Eugenie Bouchard and Sara Sorribes Tormo, who have vastly different levels of experience deep in WTA singles events, will battle on Saturday for the Abierto Zapopan title.

Bouchard moved into her eighth career WTA singles final with a 6-2, 7-6(2) victory over qualifier Elisabetta Cocciaretto. Former World No.5 Bouchard will attempt to grab her first WTA singles title since 2014.

No.4 seed Sorribes Tormo, on the other hand, has reached her first-ever WTA singles final after defeating No.2 seed Marie Bouzkova, 6-3, 7-6(3), saving three set points in the second set. Sorribes Tormo had gone 0-for-2 in her previous WTA semifinal appearances.

For Bouchard, this is her second WTA singles final in the past 52 weeks, as she also reached the championship match in Istanbul last season, where she fell to Patricia Maria Tig.

"[Cocciaretto is] a very tough player," Bouchard said. "She plays aggressively and takes it early, so she’s always coming at you. I had to be ready for that and stay with her, and then whenever I had a chance, go for it."

Bouchard swiftly took the first set behind two breaks of service, but in a closely contested second set, Cocciaretto exhibited the grit that pulled her to her first-ever WTA semifinal this week, which included a win over No.1 seed Nadia Podoroska.

Deep returns helped Bouchard attain a crucial break lead at 3-2, but when serving for the match at 5-4, Bouchard faltered for the first time on her delivery. On her fifth break point of the match, Cocciaretto at last converted one of her chances with a beautiful backhand winner down the line to level the set at 5-5 and stay afloat.

2021 Guadalajara Highlights: Bouchard blasts into 8th career WTA singles final

However, Bouchard used all of her experience to dominate the second-set tiebreak, where she reeled off an array of fantastic forehands to claim the final five points of the affair and claim a spot in Saturday's final.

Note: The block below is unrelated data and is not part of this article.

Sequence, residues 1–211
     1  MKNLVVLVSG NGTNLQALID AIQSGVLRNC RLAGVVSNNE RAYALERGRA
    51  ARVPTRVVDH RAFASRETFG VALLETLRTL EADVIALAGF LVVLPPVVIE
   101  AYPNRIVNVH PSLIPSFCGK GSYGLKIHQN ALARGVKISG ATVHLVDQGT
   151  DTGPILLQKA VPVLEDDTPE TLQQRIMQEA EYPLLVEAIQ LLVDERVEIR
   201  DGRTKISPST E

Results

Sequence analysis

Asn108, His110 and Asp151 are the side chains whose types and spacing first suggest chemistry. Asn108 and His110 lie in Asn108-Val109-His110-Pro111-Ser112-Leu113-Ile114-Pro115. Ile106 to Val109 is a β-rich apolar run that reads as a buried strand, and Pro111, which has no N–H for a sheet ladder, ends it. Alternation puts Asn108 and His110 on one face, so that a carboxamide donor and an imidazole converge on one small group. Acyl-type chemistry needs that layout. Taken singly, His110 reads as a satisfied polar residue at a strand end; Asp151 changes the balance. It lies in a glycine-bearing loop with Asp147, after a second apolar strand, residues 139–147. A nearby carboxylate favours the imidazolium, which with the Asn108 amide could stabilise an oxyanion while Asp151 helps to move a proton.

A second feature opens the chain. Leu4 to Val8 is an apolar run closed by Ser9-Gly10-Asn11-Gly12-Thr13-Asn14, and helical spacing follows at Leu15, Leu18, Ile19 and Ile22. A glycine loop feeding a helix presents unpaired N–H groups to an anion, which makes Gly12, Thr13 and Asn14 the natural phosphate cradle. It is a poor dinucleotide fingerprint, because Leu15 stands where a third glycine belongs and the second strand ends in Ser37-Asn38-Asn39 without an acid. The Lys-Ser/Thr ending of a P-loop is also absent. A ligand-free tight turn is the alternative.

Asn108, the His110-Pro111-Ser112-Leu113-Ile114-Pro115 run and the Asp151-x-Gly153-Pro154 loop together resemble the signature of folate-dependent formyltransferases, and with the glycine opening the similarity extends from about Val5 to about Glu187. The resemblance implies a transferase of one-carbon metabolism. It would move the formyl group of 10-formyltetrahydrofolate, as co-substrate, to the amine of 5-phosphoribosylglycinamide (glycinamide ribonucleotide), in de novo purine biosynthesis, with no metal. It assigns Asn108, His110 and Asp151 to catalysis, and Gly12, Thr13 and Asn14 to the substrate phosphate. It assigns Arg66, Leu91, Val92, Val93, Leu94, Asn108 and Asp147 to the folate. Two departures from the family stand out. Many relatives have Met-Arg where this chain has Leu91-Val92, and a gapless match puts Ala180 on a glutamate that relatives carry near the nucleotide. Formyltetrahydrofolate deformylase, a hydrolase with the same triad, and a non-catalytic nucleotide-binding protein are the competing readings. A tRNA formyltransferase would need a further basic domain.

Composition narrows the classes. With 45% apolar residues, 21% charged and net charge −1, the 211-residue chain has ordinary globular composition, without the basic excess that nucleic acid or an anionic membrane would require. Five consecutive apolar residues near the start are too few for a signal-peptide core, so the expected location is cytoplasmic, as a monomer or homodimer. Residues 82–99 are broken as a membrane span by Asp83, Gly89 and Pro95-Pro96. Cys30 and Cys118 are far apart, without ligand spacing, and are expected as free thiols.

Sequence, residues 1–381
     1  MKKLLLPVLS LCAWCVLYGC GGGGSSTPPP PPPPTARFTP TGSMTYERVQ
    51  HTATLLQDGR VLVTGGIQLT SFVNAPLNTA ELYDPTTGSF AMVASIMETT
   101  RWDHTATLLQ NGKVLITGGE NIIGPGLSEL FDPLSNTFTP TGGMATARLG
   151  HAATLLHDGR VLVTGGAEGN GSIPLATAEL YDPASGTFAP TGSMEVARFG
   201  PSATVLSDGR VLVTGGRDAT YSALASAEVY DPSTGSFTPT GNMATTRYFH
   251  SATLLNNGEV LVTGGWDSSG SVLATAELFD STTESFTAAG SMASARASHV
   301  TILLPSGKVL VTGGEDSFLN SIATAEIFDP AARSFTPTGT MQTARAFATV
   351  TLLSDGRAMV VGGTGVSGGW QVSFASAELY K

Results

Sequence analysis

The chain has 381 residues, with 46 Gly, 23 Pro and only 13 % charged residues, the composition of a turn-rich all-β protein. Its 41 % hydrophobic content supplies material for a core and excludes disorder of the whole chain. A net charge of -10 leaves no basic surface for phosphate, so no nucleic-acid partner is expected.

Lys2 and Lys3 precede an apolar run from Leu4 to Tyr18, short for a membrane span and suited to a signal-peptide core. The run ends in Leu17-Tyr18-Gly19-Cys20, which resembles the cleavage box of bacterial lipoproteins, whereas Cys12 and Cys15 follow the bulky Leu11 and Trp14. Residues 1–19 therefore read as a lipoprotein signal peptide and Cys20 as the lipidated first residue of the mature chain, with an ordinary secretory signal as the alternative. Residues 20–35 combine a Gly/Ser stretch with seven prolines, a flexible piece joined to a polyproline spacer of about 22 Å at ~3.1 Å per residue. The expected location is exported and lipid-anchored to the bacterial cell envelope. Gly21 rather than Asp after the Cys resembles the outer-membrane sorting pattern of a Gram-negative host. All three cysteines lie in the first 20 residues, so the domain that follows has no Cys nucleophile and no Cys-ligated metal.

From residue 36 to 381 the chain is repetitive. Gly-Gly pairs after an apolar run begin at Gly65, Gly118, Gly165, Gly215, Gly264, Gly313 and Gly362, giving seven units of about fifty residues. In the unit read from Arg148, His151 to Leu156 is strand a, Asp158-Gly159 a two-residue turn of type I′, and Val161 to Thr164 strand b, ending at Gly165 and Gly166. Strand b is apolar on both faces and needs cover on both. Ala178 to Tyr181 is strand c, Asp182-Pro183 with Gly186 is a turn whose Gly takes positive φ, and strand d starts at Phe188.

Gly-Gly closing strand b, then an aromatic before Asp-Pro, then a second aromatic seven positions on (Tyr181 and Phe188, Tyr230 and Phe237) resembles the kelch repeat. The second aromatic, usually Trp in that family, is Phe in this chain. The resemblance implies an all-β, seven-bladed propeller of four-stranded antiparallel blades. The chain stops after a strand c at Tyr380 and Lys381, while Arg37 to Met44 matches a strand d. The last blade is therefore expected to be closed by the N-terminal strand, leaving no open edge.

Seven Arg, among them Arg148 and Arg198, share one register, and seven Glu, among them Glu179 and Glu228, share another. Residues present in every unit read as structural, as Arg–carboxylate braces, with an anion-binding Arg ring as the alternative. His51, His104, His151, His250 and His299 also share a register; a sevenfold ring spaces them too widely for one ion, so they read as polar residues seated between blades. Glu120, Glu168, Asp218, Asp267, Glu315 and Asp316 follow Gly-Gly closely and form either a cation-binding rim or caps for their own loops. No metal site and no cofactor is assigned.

"I’m proud of myself for regrouping there at the end and still committing to playing my game, no matter if she was playing well," Bouchard said. "It was just important to keep doing what I do."

2014 Wimbledon finalist Bouchard is seeking her second career WTA singles title. The Canadian's record in WTA singles finals is a spotty 1-6, with her sole WTA singles title coming on the clay of Nurnberg seven years ago.

In the late semifinal, Sorribes Tormo needed just over two hours to claim her two-set win over her friend and occasional doubles partner Bouzkova, with grueling rallies frequently being the order of the night.

"I think it was a tough match for both," said Sorribes Tormo, after the tilt. "We know each other very well, and it was an emotional match for me and for her. I’m happy with the way I managed the emotions and all the moments in the match."

The protracted nature of many of the points and games was epitomized by Sorribes Tormo’s early critical break for 2-0, which took 10 minutes before the Spaniard claimed it on her fifth break point of the tussle. That proved to be the only break of the set as Sorribes Tormo leapt to the one-set lead.

In the second set, Bouzkova found a forehand winner to break for a 4-2 lead, and the Czech extended her advantage to 5-2 before Sorribes Tormo charged back. Sorribes Tormo broke at love to get back on serve at 5-4, then withstood three set points on her serve at 5-6 to eke her way into a tiebreak.

Once into the breaker, Sorribes Tormo dominated, drawing miscues from Bouzkova to earn six straight match points at 6-0. Bouzkova fended off the first three match points, but on the fourth, Sorribes Tormo knocked off a forehand winner to surge into her first WTA singles final.

"[Bouchard is] playing really good, she has really good timing with the ball," said Sorribes Tormo, looking forward to the final. "We’ll see what will happen, but I'm happy being in the final and I will enjoy it tomorrow, for sure."